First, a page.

3.    The perception is up to the person perceiving it
4.    The visual process forces color motivated behavior
5.    Color usually exerts its influence automatically
6.    Color meaning and effect has to do with context as well

Studies in the United States have shown that certain colors convey a particular intent, action or emotion and that colors have both a positive and negative connotation.

Combining Images and Colors to Enhance Reading 

If I were writing an article about the universal appeal of soccer, I could use a picture of a black and white soccer ball, and leave it up to the reader’s imagination, however, it is essentially a boring image.

I can give them another black and white soccer ball; this time with dirt, cleats, and a human image. This visual lets them know a little more about the element, but it still does not capture certain aspects of soccer that are perhaps the greatest benefit of the last ball in the illustration.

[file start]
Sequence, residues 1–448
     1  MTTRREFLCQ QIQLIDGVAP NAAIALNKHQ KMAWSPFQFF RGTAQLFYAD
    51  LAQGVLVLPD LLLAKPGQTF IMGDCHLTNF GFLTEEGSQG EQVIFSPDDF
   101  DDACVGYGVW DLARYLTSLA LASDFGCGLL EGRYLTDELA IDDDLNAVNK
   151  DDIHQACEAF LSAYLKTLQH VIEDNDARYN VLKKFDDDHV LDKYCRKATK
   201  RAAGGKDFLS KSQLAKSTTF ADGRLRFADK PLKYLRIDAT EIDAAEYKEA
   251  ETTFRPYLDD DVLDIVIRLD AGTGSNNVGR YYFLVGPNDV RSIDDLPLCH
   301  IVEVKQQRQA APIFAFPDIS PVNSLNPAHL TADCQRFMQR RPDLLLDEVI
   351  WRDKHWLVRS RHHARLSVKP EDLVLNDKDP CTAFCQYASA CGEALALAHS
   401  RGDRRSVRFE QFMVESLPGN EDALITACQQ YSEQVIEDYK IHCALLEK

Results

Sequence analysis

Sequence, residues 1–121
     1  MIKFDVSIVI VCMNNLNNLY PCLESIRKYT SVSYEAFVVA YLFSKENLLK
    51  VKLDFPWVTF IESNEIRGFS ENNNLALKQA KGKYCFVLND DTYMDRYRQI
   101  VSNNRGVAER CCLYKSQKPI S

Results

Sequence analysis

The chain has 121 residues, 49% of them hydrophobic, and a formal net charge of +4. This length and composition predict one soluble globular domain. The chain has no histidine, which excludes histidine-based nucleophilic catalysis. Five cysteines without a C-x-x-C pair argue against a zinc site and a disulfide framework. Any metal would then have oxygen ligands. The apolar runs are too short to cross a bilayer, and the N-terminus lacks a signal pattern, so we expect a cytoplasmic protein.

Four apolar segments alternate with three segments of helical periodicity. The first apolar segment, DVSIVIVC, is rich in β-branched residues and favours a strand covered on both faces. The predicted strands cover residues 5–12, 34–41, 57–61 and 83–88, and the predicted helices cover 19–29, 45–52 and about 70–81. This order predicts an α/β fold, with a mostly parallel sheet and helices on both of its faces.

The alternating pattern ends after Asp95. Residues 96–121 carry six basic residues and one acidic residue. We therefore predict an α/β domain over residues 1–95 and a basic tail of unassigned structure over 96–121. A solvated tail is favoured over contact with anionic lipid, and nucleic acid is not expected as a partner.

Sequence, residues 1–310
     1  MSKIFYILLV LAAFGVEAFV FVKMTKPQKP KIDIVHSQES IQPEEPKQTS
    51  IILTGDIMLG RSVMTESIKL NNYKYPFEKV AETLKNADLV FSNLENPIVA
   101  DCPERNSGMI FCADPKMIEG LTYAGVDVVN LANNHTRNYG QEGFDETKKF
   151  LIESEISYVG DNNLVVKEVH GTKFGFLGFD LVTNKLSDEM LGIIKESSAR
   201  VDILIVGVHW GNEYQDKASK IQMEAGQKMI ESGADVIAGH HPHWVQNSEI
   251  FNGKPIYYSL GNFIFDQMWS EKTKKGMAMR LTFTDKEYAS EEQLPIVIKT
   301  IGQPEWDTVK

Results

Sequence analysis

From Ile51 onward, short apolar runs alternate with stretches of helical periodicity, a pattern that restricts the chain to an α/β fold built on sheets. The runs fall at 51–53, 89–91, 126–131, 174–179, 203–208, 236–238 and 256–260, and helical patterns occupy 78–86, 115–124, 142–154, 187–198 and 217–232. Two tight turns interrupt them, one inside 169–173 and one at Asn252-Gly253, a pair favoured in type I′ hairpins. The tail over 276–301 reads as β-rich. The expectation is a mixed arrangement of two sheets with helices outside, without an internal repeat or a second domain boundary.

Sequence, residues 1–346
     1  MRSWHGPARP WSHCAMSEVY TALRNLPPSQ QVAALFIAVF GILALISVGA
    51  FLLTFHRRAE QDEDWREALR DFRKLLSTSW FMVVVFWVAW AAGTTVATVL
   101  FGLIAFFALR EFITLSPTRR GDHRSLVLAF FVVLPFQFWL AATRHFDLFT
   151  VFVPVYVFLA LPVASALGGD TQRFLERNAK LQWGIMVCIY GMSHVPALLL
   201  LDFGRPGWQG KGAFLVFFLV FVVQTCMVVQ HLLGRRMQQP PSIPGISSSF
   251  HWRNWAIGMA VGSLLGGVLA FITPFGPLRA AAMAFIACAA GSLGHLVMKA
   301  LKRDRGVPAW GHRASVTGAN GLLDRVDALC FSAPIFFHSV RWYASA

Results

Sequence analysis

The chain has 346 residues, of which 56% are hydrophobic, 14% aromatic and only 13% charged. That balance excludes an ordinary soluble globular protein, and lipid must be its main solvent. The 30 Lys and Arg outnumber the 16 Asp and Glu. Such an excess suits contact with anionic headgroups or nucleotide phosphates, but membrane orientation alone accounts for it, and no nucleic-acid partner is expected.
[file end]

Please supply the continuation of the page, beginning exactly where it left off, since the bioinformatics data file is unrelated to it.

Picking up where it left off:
J. Francis Davis, an adult educator and media education specialist, captured it well when he said, "...in our culture pictures have become tools used to elicit specific and planned emotional reactions in the people who see them."

The third choice is a soccer ball representing how many countries play soccer, reflective of the universal appeal of the game, making it more globally recognized. This image, although lacking a human element, still manages to convey the universal human teamwork and competition with the inclusion of countries' flags. 


Writing Time Well Spent

Visuals are not only excellent communicators, but also quickly affect readers psychologically and physiologically.  A memorable article combines excellent writing, images, and other visuals that effectively illustrate the words. A conscientious writer takes the time to find visuals that reinforce their content.  

It is this correct combination of the two that ensure that readers stay engaged. 
  
Images: Giving Credit